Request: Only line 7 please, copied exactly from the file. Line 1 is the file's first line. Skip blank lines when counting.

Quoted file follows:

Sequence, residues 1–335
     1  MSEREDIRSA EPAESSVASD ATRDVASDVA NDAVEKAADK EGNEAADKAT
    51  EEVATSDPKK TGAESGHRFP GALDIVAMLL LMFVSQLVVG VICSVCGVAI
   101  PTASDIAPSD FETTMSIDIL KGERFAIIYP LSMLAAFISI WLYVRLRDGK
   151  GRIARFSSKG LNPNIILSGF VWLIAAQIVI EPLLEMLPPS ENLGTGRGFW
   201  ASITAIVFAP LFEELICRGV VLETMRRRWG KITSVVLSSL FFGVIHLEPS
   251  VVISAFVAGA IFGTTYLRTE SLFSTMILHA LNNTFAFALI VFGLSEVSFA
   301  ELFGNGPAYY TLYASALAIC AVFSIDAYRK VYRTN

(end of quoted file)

   251  VVISAFVAGA IFGTTYLRTE SLFSTMILHA LNNTFAFALI VFGLSEVSFA